Toward a Framework for Designing Person-Centered Mental Health Interiors for Veterans, Journal of Interior Design, DOI: 10.1111/joid.12095
The Veteran's Administration (VA), recognizing the potential influence that nurturing interior environments may have on patient well-being, has been designing and constructing mental health settings intended to calm, restore, and revive. Unfortunately, limited research investigates the links between the interior environment and mental health outcomes that can be used for guiding the design for these facilities. This paper seeks to provide a framework for designing person-centered mental health interiors that would be supportive of human factors for a healthcare organization's clinical and operational staff as well as Veterans. The framework is intended to assist healthcare providers in achieving mental health aims through thoughtful, evidence-based, person-centered design.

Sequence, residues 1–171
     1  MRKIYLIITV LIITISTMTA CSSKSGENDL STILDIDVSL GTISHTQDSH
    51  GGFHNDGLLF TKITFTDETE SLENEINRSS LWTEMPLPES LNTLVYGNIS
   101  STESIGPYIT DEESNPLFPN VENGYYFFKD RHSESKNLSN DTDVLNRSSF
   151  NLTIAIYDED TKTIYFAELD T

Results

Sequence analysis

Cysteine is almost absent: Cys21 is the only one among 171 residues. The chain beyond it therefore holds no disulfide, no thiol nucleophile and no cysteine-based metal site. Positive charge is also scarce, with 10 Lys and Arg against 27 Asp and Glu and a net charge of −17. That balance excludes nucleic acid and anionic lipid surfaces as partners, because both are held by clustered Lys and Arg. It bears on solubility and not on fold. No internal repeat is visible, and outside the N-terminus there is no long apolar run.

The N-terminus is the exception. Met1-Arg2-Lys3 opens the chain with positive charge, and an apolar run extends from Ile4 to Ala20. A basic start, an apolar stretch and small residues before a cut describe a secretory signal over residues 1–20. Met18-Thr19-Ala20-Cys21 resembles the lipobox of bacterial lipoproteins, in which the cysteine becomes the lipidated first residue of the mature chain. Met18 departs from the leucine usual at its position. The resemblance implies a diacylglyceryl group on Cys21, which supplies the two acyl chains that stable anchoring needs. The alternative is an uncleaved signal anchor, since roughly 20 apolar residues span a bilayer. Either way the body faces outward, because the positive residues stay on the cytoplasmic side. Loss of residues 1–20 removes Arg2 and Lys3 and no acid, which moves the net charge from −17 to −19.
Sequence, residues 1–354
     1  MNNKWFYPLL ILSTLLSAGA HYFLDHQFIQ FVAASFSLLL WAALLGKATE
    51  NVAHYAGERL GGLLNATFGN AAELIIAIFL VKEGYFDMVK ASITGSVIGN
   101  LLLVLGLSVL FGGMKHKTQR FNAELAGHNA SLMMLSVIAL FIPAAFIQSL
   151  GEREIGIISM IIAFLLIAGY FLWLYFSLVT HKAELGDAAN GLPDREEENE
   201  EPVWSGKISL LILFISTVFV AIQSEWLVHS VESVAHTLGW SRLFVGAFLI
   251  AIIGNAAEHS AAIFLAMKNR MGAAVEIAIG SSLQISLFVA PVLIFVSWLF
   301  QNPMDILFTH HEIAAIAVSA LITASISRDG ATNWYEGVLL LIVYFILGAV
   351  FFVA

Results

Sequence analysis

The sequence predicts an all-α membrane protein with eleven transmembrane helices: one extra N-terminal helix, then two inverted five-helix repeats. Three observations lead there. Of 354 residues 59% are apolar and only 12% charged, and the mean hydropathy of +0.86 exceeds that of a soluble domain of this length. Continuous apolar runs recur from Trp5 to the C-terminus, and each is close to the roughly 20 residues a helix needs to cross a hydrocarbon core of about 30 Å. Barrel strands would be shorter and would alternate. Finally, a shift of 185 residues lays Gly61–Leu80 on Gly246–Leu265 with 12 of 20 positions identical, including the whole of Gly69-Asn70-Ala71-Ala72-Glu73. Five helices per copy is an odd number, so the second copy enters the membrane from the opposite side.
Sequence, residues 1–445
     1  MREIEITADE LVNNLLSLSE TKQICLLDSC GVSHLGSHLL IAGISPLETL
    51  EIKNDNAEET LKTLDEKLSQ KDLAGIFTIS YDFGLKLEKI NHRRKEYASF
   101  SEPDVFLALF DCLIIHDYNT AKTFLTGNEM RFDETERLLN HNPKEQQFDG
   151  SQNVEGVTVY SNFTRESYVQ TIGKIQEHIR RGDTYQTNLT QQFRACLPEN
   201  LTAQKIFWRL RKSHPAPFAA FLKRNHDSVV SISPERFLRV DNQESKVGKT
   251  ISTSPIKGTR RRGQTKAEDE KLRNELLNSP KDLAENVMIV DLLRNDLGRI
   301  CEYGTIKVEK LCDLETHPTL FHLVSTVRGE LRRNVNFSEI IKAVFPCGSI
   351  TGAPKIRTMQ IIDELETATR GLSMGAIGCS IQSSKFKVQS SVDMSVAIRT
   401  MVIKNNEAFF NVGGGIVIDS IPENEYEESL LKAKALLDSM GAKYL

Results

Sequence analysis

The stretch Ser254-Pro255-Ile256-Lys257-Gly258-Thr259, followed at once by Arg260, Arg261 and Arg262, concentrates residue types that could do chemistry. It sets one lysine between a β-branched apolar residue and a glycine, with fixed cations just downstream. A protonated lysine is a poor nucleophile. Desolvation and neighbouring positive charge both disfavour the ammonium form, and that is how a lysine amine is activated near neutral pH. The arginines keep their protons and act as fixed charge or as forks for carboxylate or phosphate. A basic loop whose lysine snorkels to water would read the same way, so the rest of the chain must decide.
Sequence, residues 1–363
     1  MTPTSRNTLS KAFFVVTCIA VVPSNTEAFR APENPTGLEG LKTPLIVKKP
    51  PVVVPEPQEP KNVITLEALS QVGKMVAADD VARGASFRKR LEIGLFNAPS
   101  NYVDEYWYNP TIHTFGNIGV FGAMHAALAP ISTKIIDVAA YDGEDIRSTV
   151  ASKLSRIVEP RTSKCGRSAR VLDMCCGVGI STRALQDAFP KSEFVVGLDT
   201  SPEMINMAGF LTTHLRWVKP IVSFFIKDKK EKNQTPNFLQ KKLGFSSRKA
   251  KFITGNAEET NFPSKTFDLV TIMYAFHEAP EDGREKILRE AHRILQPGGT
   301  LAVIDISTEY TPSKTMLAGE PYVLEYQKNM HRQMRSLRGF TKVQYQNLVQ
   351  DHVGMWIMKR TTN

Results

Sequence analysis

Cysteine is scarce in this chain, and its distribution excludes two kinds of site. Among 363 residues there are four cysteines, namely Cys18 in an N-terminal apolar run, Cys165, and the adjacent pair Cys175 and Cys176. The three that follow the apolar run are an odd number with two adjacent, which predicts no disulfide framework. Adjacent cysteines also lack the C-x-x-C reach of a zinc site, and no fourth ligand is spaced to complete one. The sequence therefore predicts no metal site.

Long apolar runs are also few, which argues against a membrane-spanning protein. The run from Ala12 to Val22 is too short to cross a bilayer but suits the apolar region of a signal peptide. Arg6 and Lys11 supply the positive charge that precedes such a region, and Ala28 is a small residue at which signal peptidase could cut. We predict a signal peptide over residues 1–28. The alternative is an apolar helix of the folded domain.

Based on a review of the literature and case study investigations of three VA acute inpatient mental health units in the United States, the framework is comprised of six domains: Involve, Protect, Engage, Comfort, Personalize, and Sustain. These domains, informed by existing credible research and best practices, were vetted through post-hoc analysis of qualitative data gathered from interviews, focus groups, and/or listening sessions conducted with the three sites. The resultant Framework for Designing Person-Centered Mental Health Interiors for Veterans, developed based on the data and methodologies used in conducting this study, is meant as a complementary resource for informing future research, planning, design, and operation of acute inpatient mental health spaces. The research team's aim was to develop an accessible set of evidence-based environmental planning considerations to aid in the prioritization and development of person-centered mental health environments.